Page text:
August 2012
Volume 12, Issue 9
Vision Sciences Society Annual Meeting Abstract  |   August 2012
The influence of optic flow on control of walking gradually increases over the course of a movement
Author Affiliations
  • Jeffrey Saunders
    University of Hong Kong
Journal of Vision August 2012, Vol.12, 608. doi:
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      Jeffrey Saunders; The influence of optic flow on control of walking gradually increases over the course of a movement. Journal of Vision 2012;12(9):608.

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      © ARVO (1962-2015); The Authors (2016-present)

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Different heading-based strategies could be used to guide walking to a target. Observers could potentially align the visual direction of the target with their physical direction of movement, or their visual heading from optic flow, or some integrated estimate of heading. I investigated the relative influence of visual and physical heading on control of walking, and how this varies over the course of a movement. Previous studies have distinguished control strategies using conditions in which the visual heading specified by optic flow differs from an observer’s physical direction of motion. I tested similar conditions but used a novel analysis to estimate the controller’s goal state at different moments in time. Observers walked to a target pole in a virtual environment presented with a head-mounted display. On perturbed trials, visual heading differed from physical heading by ±10°. The target appeared after observers walked 1m in a pre-cued direction, and was randomly positioned in a range around the initial direction. I analyzed how path corrections across a brief time window depended on the current heading error relative to the target. Across a given time delay, change in heading was an approximately linear function of heading error. By fitting this function, one can estimate the heading error that would produce no steering adjustment across a time window. This goal state was estimated for 250 ms windows starting at target onset. Initial steering adjustments on perturbed trials were consistent with a goal state of aligning the physical heading direction with the target. Over the course of 2 s of walking, the estimated goal state gradually shifted to be approximately midway between the physical and visual heading. These results are consistent with control based on an integrated estimate of heading, which is initially determined by non-visual information but gradually incorporates heading information from optic flow.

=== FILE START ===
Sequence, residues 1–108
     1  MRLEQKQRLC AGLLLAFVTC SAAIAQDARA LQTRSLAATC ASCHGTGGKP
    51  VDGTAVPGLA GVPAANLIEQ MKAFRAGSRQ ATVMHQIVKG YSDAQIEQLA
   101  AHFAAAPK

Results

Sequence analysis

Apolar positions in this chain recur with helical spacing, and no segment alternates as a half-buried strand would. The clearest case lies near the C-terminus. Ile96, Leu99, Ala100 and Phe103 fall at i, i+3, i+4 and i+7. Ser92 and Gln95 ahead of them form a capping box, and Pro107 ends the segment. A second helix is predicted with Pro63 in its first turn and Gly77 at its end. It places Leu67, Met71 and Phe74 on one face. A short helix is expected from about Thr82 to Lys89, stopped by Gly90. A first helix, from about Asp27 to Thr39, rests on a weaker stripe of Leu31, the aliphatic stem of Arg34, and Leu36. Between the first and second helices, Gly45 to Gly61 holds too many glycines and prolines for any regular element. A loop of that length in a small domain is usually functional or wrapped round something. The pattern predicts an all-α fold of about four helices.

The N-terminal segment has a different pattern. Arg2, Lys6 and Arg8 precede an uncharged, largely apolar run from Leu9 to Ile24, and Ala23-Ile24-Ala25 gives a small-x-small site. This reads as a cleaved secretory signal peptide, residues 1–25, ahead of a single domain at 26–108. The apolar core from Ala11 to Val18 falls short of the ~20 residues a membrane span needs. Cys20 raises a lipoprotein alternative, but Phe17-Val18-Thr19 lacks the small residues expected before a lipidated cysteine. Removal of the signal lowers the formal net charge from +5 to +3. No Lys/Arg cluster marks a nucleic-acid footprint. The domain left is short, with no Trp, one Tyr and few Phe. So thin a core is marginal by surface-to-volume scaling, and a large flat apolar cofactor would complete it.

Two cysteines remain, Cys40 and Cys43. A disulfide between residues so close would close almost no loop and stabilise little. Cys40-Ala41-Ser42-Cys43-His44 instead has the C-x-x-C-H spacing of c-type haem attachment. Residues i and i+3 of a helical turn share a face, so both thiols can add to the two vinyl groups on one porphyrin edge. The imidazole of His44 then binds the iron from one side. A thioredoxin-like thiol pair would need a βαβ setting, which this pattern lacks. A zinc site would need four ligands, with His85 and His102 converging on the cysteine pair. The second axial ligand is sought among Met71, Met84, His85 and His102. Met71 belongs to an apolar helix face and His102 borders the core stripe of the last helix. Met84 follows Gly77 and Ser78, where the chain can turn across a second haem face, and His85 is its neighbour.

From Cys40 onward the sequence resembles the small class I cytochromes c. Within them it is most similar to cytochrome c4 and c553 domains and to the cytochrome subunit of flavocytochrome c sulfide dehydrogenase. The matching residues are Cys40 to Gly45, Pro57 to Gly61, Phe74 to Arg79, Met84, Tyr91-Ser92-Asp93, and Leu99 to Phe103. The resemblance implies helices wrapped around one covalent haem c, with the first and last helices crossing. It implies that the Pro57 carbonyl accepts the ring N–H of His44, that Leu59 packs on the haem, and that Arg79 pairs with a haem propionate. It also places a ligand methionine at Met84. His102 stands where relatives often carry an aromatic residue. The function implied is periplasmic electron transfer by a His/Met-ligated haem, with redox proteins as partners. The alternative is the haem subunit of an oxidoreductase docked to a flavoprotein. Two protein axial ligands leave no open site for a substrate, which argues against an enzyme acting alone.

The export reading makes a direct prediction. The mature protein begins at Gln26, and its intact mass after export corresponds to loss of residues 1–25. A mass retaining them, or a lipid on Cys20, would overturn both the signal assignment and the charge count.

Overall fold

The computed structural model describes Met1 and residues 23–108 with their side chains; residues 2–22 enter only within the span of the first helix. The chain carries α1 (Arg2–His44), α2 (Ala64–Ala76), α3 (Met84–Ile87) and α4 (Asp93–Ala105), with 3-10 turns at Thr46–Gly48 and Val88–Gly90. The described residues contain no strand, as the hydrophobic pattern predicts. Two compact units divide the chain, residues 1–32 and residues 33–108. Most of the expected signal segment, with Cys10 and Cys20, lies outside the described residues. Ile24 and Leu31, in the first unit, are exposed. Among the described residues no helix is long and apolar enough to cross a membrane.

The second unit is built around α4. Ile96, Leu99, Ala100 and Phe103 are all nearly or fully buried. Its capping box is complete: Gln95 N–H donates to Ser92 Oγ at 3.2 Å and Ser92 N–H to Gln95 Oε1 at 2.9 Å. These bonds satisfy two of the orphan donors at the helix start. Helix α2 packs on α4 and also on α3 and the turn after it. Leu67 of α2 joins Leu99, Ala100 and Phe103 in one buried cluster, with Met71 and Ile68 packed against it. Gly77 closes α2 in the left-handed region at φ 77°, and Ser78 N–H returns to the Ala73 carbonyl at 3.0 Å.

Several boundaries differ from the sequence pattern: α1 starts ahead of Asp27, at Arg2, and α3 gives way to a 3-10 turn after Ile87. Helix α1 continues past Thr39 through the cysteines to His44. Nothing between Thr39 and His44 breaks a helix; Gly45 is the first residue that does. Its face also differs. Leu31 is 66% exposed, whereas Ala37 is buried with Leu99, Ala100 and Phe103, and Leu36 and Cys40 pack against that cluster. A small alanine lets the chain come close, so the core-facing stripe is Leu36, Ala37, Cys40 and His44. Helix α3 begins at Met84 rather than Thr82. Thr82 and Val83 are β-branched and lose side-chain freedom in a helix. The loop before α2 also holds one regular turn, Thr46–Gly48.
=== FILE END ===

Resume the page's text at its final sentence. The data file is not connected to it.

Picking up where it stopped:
Meeting abstract presented at VSS 2012


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